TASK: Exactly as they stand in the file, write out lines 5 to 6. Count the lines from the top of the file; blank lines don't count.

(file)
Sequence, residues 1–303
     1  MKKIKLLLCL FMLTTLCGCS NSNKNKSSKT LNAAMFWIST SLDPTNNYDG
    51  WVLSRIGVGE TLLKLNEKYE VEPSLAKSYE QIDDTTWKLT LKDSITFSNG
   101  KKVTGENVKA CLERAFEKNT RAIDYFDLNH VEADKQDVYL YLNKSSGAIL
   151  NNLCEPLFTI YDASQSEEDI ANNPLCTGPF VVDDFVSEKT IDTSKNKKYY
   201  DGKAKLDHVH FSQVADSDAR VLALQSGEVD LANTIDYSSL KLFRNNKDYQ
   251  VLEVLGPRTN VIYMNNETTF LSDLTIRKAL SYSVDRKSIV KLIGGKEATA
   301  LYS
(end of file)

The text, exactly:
   151  NNLCEPLFTI YDASQSEEDI ANNPLCTGPF VVDDFVSEKT IDTSKNKKYY
   201  DGKAKLDHVH FSQVADSDAR VLALQSGEVD LANTIDYSSL KLFRNNKDYQ